Childhood Trance Learning & the relativity of Time

You know how it is, you get so busy, and busy can lead to stress and then to activities to release stress that themselves can be stressful. It is not always easy creating time to gift yourself with the fulfillment of a passion, time to help others, and, balancing life with laughter, joy, exercise and inner reflection.

DSC05519_croppedCan you imagine living in inner peace. Can you imagine living in inner peace for five minutes, ten minutes, twenty minutes, sixty minutes or more? Most of us have been in this mysterious place. It probably occurred most often when we were children.

Being a child before the age of six or seven is to live in the brainwave state of trance. A state of trance awash in the meanings coming to us through intuitive feeling, sensing, and knowing. We float around in a theta brainwave state, like experiencing a lucid dream. No wonder we are so “programmed” by our complete surroundings in those early years. One of the few simple ways of re-experiencing this state of mind is through hypnosis. We go to an altered state without falling asleep or being unaware.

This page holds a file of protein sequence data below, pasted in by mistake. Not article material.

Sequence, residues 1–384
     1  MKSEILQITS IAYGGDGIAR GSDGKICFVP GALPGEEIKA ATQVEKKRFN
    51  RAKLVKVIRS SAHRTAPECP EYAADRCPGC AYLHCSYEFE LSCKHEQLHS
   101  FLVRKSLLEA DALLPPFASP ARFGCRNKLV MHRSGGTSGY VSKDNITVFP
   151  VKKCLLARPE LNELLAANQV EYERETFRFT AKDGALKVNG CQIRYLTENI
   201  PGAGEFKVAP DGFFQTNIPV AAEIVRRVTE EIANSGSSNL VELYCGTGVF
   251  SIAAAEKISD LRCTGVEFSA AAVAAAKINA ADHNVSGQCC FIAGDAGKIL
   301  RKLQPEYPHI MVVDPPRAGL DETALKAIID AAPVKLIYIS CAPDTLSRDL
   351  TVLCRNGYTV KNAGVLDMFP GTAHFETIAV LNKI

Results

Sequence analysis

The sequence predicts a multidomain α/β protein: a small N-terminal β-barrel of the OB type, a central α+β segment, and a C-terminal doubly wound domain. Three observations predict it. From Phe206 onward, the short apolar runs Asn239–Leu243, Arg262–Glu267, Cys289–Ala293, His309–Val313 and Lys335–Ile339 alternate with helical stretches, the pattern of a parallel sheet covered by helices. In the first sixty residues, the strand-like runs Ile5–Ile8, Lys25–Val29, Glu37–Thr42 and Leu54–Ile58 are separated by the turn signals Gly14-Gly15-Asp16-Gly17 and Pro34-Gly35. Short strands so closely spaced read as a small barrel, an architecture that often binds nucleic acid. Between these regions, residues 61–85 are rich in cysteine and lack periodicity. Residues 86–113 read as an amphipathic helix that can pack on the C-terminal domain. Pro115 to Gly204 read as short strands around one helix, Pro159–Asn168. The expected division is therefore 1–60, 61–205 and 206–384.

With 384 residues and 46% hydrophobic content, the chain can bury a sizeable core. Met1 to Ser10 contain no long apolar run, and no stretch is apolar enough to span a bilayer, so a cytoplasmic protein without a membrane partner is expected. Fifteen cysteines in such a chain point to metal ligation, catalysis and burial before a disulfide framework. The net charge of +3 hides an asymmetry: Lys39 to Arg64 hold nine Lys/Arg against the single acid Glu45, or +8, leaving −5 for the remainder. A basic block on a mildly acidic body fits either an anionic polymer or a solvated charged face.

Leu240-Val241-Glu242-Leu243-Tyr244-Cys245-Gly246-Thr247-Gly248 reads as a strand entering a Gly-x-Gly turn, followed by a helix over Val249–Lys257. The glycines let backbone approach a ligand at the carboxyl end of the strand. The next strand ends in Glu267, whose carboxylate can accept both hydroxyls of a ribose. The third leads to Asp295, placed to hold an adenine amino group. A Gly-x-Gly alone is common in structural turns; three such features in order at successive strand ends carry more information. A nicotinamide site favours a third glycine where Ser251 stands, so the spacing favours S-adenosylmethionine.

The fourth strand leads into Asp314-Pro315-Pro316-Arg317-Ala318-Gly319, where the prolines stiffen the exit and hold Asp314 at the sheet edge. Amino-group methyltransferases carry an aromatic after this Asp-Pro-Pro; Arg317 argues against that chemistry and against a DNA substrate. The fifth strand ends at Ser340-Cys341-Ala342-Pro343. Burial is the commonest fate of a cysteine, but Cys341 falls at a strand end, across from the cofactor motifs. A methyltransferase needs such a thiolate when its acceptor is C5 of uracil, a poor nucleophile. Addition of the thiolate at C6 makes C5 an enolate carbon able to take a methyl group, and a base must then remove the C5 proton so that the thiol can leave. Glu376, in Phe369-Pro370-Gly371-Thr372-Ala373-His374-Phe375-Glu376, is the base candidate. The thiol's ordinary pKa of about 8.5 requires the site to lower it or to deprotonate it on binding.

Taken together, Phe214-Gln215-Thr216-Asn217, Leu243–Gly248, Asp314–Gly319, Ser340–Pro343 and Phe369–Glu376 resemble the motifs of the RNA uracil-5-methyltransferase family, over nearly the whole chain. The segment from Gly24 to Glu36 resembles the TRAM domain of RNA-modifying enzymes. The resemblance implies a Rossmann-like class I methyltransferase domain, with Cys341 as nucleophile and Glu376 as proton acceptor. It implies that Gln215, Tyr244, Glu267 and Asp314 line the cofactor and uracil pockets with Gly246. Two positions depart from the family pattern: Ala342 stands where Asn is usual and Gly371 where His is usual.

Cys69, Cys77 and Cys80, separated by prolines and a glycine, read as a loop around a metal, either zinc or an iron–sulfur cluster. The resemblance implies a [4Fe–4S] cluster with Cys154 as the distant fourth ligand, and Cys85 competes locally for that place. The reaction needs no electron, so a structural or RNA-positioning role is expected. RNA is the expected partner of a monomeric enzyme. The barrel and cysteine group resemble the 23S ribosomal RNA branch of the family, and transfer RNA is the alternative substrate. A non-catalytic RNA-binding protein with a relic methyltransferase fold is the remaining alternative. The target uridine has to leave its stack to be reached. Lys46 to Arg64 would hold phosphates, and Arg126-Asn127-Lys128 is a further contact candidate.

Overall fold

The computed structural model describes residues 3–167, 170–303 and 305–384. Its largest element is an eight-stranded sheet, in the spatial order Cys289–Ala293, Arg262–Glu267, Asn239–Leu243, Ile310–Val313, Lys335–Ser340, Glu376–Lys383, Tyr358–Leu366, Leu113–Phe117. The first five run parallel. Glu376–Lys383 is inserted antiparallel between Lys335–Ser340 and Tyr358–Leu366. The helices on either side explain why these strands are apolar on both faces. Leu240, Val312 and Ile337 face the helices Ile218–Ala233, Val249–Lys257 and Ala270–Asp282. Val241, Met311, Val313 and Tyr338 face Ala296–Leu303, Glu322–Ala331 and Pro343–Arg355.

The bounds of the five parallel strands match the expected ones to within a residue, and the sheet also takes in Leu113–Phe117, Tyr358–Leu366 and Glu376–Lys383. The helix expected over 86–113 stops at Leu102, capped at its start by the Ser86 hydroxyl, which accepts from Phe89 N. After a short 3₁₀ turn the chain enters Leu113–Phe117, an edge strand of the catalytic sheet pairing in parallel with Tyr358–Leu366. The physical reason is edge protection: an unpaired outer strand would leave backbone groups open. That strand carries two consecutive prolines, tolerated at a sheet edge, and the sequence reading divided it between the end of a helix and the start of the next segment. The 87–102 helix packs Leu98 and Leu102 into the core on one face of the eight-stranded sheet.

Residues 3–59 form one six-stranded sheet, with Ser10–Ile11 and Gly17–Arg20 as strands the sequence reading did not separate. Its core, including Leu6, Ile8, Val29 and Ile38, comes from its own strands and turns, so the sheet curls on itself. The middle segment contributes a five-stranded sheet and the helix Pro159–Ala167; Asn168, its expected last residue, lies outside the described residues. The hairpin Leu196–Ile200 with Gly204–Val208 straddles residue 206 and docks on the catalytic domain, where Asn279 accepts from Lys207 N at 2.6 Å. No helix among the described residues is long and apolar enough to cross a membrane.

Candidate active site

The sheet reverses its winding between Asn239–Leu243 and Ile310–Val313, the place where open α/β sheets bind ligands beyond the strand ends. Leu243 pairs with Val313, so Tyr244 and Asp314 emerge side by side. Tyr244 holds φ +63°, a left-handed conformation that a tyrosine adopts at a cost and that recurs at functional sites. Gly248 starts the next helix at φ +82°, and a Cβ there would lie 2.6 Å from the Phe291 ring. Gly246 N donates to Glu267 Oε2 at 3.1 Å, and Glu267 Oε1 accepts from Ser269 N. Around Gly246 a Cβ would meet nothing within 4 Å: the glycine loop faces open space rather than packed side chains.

A client this week estimated our hypnosis session lasted ten minutes. It was over an hour. There are places we can go in consciousness that change the flow of time.

Is that why time seems so different now that we are adults? I often hear people talk about how mystifying time is, at times. Many say it seems compressed, faster, or indescribably different.. People have so many responsibilities and sometimes living in the moment may not seem like a good use of time.

As a child, before classifying something with a “name”, we just experience it. A rose is just a beautiful thing to be understood through four senses (delicate petals, thorny stem, alluring scent and brilliant color). Adults see the flower classified minimally as a rose, or in detail, as a Autumn Damask / Quatre Saisons variety. We are the many who sometimes address our attention to the negative. We see the rose and before we allow ourselves to embrace and experience it, we turn our attention to the weeds growing around it. Can you imagine weeding a garden as you embrace and experience the garden?

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